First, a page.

But it took longer than expected to confirm the result because the final tally for the 187th District was so close.

By: Penny Hummel

On a day that seemed to go the way of Democrats, Republican Carl Mantz bucked the trend of last week's elections when he won.

But it took longer than expected to confirm the result because the final tally for the 187th District was so close.

Mantz gathered with supporters at the Fogelsville Hotel until 1:30 a.m. Wednesday, and didn't go to bed until an hour-and-a-half later.

"We were on pins and needles, all of us," Mantz said.

The following day, reports on the winner varied with a local television station declaring Mantz the winner and a radio station saying the seat went to his opponent, fellow Kutztown resident, Democrat Archie Follweiler.

But by the end of the day a mere 279 votes separated Mantz from Follweiler, making Mantz the first state representative from Kutztown.

"I'm just really sad, because I really wanted the job, so I'm just sad," said Follweiler, adding that many people worked hard for him all year. He also said he would not run for state office again.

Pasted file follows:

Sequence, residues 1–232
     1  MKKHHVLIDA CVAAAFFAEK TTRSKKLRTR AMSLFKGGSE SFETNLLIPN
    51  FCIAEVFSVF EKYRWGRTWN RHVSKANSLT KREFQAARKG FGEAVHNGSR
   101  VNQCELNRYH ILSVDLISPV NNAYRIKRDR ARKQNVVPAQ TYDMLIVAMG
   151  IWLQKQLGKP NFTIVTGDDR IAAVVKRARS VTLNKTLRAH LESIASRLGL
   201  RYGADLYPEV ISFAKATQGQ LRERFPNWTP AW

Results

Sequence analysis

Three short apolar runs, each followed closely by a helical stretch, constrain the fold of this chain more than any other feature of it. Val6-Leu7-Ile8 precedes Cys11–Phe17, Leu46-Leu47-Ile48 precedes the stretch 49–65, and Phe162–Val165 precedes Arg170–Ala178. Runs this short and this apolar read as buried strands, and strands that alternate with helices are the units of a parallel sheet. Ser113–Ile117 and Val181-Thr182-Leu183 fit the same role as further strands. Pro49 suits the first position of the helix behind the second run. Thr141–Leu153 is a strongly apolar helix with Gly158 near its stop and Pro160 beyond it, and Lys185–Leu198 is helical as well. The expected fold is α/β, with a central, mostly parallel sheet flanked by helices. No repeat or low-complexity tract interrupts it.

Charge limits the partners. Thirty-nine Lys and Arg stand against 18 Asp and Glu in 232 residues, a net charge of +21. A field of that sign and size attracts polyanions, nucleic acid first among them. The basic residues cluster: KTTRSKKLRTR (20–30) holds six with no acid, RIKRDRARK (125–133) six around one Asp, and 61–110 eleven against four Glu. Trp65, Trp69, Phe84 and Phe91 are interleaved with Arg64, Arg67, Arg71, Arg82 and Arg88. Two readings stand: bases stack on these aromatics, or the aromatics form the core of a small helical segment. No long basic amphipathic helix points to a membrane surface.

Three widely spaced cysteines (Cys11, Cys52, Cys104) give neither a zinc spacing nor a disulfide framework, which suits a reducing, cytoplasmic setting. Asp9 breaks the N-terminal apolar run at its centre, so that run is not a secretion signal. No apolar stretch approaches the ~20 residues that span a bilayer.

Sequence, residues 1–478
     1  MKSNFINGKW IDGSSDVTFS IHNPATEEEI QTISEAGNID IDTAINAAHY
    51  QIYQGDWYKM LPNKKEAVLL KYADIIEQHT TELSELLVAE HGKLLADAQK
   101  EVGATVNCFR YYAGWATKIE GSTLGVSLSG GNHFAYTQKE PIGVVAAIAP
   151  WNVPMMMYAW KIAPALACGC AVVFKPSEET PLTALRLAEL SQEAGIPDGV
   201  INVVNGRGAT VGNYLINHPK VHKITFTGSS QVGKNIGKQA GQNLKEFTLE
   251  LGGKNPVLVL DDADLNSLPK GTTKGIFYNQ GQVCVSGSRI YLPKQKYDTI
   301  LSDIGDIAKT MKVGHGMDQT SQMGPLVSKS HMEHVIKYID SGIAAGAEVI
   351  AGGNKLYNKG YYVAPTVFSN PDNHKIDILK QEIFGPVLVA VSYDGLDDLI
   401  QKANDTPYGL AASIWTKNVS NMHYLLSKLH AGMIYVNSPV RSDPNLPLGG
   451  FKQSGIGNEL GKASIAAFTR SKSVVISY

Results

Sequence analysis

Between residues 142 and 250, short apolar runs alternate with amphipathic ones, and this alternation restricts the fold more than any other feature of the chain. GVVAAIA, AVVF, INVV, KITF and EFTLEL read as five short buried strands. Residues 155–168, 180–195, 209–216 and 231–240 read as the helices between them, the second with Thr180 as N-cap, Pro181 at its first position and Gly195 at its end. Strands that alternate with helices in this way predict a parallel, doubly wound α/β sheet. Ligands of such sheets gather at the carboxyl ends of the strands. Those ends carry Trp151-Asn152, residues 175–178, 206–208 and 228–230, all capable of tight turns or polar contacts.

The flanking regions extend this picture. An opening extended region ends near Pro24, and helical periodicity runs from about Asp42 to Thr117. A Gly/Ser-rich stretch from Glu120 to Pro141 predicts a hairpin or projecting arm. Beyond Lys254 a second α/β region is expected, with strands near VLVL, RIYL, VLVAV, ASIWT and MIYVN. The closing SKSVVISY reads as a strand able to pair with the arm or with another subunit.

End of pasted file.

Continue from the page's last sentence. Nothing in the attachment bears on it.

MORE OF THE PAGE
"I'd like to see our community surmount any differences the campaign may have generated," Mantz said. "I'll certainly reach out to Democrats, Independents and Republicans."

"It was an energetic, vigorous and hard fought campaign," he added. "You always feel you have more to do, but you have a finite time to do it."

Mantz said once he's sworn into office in January, his top priority will be school taxes.

"To me, it's the over-arching issue," he said. "We need meaningful and impactful relief, not Act 1, which was passed in June."

"I'd like to see a tax revenue formula to distribute that funding objectively among all of us," continued Mantz.

He said the Commonwealth Caucus Plan touted by Representative Sam Rohrer is a good starting point.

"Whatever it takes to shake the 102 votes we need to pass," said Mantz. "I'm sure the formula we need is out there."

Mantz said he'll need to resign his position as Kutztown's borough council president before taking the oath of office in Harrisburg.

"That will be forthcoming shortly," he said.

But he's not concerned about council filling his position. He said that two or three candidates were interested, and had applied for a post on council when Follweiler resigned earlier this year.

Contact Penny at plhummel@berksmontnews.com.

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